Author: Bridget Foster Reed

In 1918, a humiliated and haggard war-torn Germany mounted a campaign to reclaim its stake as an international powerhouse. Artists took on the challenge of winning over a now very critical and disapproving rest of the world. From this deficit the German Expressionist movement was born. Artists reincarnated the ideology of Die Brücke which had previously manifested in 1905 in Dresden. Die Brücke (‘The Bridge’) was the theory of using high contrast and abstracted forms to strip away the constraints of modern urban life to access the raw expressions of the human condition. In effect, this art movement attempted to illustrate the most basic human emotions to establish a renewed sense of universality.

If it’s light out, you can’t watch SWEET SMELL OF SUCCESS.

New York City is a trusted muse for nearly every significant filmmaker. Woody Allen, for example, based many films in his beloved hometown. Every studio used to have their version of New York City – a set equipped with stereotypical, stylistic trappings, ready to be employed in any quintessential crime and noir film.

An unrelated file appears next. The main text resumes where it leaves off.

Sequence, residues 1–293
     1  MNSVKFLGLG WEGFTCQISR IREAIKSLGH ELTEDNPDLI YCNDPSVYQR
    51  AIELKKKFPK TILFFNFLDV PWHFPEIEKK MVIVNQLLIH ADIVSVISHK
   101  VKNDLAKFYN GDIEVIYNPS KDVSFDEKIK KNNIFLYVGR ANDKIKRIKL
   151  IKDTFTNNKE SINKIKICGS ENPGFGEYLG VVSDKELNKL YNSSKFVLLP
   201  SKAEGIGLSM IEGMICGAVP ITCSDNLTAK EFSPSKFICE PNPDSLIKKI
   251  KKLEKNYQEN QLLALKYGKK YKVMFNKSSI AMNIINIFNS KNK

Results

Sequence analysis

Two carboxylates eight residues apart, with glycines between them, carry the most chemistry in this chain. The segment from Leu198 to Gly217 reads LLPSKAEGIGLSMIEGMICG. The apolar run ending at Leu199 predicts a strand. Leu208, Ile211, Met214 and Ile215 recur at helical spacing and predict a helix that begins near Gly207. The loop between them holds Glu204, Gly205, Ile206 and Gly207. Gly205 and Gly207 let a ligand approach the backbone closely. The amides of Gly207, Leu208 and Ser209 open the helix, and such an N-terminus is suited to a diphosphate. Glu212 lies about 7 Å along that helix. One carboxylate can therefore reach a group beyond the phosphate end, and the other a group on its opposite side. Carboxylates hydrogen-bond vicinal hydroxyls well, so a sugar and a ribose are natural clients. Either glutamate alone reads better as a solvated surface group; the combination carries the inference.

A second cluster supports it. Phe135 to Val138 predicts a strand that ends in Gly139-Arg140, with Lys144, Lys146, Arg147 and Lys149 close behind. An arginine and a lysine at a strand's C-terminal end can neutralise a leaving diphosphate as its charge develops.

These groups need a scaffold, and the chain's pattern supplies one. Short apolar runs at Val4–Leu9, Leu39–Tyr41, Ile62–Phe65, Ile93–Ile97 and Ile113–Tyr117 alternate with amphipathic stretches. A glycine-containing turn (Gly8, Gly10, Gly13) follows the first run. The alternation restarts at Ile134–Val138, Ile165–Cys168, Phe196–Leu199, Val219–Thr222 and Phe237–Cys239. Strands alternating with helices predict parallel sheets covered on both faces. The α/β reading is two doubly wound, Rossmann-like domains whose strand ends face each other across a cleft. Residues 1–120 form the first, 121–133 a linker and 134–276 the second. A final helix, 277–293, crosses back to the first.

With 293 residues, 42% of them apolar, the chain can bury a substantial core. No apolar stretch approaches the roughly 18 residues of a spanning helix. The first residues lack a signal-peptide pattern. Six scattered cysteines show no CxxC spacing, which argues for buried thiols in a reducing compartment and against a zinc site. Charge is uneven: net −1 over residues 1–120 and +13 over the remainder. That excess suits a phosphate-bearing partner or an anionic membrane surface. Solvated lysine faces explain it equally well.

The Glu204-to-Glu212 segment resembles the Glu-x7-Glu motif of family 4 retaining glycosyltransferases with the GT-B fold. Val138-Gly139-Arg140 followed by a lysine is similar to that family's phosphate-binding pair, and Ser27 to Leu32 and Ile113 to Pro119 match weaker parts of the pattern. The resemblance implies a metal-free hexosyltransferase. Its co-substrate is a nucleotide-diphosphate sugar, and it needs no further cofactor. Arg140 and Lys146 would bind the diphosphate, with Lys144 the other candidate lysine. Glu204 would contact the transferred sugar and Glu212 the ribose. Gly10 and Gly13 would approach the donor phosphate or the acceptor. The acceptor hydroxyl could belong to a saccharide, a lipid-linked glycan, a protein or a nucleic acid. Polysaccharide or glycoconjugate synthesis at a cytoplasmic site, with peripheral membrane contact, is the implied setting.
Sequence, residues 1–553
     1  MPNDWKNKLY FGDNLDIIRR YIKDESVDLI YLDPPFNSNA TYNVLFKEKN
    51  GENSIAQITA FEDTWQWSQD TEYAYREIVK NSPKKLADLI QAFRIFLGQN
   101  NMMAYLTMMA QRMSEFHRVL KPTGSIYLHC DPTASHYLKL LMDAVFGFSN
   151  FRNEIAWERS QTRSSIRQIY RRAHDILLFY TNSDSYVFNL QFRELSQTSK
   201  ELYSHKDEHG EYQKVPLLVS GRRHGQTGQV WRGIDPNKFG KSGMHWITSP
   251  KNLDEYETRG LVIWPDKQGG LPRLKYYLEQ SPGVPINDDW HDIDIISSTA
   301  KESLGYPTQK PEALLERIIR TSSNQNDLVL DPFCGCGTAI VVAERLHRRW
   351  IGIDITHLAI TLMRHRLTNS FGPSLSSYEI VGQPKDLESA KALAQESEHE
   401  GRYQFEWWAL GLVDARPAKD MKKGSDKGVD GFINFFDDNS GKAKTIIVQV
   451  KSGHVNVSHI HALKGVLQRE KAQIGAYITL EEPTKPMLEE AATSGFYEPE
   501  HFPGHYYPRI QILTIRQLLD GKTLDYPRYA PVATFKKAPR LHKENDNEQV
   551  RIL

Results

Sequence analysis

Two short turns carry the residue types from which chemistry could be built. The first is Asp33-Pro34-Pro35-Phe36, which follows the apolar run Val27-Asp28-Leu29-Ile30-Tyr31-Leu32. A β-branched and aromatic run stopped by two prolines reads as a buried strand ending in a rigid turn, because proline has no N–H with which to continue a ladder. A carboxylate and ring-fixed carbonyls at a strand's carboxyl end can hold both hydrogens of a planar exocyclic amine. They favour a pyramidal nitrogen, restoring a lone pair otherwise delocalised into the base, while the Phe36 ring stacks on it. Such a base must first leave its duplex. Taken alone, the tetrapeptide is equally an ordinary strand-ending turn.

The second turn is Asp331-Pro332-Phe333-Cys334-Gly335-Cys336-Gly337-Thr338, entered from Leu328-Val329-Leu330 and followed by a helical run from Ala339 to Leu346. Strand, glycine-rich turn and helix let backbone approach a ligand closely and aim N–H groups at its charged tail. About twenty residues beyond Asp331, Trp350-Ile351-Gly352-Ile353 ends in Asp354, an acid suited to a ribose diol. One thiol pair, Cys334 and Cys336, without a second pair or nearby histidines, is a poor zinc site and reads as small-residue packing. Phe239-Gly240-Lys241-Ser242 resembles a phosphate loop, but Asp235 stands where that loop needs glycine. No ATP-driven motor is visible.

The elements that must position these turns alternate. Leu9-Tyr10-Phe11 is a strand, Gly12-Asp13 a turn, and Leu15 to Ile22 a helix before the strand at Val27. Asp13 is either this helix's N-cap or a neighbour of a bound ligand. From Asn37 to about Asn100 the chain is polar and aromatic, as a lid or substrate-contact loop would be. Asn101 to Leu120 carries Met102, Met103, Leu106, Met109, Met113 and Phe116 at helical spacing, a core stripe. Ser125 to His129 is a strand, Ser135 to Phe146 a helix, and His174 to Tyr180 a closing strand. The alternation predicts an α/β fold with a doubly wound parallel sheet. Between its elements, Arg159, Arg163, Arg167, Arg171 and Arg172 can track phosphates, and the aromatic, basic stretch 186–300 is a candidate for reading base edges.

Wait a second, I’ve seen that guy before, what movie is he in?

I have likely posed that question hundreds of times when watching films with my father. Luckily, he has a keen penchant for placing character actors in their many unmemorable but important roles. Top billed actors or actresses often overshadow character actors, but character actors have an effective tool at their disposal—anonymity.

June 21, 2013 /


Much like Henry Ford’s innovation of the assembly line revolutionized mass production, the Hollywood studio system reliably churned out hits for the masses during its Golden Age. Desolate acres of California desert were transformed into a conglomeration of studio back lots. Until the late 1950s, studios produced escapism films favored by American audiences as a method of distraction from the looming realities of war. As the mood began to change on the home front, as did the creative process of filmmakers. The reliable Hollywood formula was reconfigured and now consisted of global productions with international casts, on location filming, and ambiguous plots.

 One of Tarantino’s signature nuances is his treatment of actors. Tarantino intentionally leaves ambiguity and the opportunity for improvisation, likely inspired by the French New Wave film movement. In two similarly structured interrogation scenes, the mise-en-scene acts as springboard for the manifestation of character attributes, which each actor can approach differently. The appropriate selection of props is crucial to induce the most meaningful response from Tarantino’s actors and drive the narrative.